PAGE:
M.R. Perello-Marin, J.P. Garcia-Sabater, P.I. Vidal-Carreras

Universidad Politécnica de Valencia (SPAIN)
One of the main goals of the new European Higher Education Area context is to accompany students in their learning process as they see their progress when building their knowledge. This is what is called formative assessment. Formative assessment is known as any assessment that provides feedback to students throughout the course and helps them improve their learning, regardless of it being graded or not. Thus students reinforce their own learning as a result of the results of their assessments.

However, the reality we now face in classrooms is that assessment systems are not always formative assessments. Therefore, they do not always guarantee a higher level of learning by students. Although there are now more assessment acts than before the current educational reform, they do not always offer associated higher motivation, greater participation or a higher level of learning outcomes achieved by.
Of all the different assessment systems, it has been shown that peer assessment increases students’ motivation because they feel they actively participate in the process, and not only in learning, but also in assessing. Students also learn to be more critical, and they can also compare the results of the assessments they make with those made by peers or teachers. Thus it can be stated that peer assessment emphasises skills, encourages participation, focuses on learning, promotes excellence, provides more feedback, encourages attendance, and teaches students responsibility and critical thinking.

Of all existing peer assessment methods, here we focus on 'Peer Ranking' as an evaluation methodology for peer comparisons. It is a specific type of assessment that works in the order from the best to the worst work. This order is established by evaluators (students) who compare works in pairs according to certain preset factors. Hence through competitiveness among students, we intend to improve the results of student learning, participation and motivation. We chose ‘Peer Ranking’ by comparing the results in pairs, instead of asking students to set a grade, in order to simplify students’ assessing work, and to facilitate objectivity and generalisable results.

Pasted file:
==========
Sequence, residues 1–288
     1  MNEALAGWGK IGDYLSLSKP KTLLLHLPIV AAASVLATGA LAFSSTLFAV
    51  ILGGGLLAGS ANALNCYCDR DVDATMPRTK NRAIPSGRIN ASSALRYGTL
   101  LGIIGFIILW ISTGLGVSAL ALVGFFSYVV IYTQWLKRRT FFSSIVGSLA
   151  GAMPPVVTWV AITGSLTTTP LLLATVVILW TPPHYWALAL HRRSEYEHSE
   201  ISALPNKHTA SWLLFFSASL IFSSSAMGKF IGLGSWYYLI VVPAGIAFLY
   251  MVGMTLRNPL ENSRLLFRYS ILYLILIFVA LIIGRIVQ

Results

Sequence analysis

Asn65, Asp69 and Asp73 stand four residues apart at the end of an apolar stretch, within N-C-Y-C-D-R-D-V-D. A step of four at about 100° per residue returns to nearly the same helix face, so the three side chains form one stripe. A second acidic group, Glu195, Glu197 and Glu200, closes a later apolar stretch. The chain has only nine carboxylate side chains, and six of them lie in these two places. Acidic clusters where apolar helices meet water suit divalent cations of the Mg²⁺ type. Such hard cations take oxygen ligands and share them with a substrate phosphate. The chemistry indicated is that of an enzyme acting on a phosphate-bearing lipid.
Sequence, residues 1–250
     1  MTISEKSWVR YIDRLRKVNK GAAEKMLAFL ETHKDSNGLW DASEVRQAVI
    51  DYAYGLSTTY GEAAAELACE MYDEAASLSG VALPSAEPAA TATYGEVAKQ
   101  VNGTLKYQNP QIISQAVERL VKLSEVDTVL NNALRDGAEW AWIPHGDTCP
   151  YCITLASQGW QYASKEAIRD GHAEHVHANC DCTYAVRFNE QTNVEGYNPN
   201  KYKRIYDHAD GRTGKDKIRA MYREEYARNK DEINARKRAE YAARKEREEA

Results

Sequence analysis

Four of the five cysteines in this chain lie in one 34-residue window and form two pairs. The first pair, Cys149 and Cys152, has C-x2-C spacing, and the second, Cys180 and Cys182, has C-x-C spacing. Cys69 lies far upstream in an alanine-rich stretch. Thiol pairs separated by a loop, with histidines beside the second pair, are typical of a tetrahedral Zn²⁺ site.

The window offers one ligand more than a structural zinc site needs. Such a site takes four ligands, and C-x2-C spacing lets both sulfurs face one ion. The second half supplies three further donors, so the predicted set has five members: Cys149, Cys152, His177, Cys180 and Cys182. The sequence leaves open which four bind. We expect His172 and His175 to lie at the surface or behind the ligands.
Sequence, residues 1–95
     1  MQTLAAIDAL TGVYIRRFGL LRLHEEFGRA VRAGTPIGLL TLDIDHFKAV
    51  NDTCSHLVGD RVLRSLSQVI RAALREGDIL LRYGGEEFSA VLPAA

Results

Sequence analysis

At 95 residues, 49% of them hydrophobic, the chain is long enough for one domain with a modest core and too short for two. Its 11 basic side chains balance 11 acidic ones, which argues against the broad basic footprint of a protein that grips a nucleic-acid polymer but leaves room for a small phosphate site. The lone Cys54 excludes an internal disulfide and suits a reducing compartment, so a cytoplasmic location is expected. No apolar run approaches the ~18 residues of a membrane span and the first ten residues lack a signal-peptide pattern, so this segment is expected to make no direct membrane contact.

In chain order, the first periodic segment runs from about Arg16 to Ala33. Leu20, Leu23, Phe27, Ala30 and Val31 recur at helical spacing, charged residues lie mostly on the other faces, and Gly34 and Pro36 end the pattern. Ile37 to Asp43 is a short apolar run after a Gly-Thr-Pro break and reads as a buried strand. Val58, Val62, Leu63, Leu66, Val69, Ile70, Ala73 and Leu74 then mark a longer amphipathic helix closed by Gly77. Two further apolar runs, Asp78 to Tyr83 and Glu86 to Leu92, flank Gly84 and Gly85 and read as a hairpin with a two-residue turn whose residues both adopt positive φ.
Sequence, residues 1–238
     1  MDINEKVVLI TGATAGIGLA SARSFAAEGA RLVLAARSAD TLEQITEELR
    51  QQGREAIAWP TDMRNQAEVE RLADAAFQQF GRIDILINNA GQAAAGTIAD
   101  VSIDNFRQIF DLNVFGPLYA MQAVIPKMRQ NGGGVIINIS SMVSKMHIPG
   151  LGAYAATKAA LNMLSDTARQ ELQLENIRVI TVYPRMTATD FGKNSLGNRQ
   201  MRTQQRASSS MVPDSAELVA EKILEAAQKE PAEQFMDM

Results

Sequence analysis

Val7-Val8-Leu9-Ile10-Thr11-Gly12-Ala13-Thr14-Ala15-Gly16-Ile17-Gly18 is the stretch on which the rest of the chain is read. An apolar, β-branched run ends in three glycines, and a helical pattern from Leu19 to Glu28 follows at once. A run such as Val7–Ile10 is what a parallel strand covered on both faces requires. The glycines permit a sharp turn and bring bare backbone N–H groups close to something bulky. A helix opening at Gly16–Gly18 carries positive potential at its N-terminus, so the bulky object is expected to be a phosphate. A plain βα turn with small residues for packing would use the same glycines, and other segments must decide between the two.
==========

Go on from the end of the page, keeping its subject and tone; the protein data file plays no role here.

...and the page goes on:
Therefore, with this paper we defined the design factors to develop a Peer Ranking tool that ensures quick and effective assessments. We aimed to establish the number of comparisons to be made by each student to ensure reliable results, and also reliable criteria to choose each pair of comparisons. Throughout the process, comparisons will be made between works, not just randomly paired ones, but also between works paired among the best rated ones with those rated the worst, or between equivalent jobs, to build the final ranking.
As a result, the aggregated results of all the comparisons should allow the best to worst works to be defined and sorted, and the resulting order with the assessments made by each student to be compared. This system will speed up not only the peer review process, but also the subsequent management of the results to search for a more formative assessment.

With the resulting tool, a final ranking of all the students based on their results can be identified in a simple flexible way by comparing in pairs. This ranking can be most useful not only for the student’s further qualification (both assessed and assessor), but also as a tool of student participation and motivation.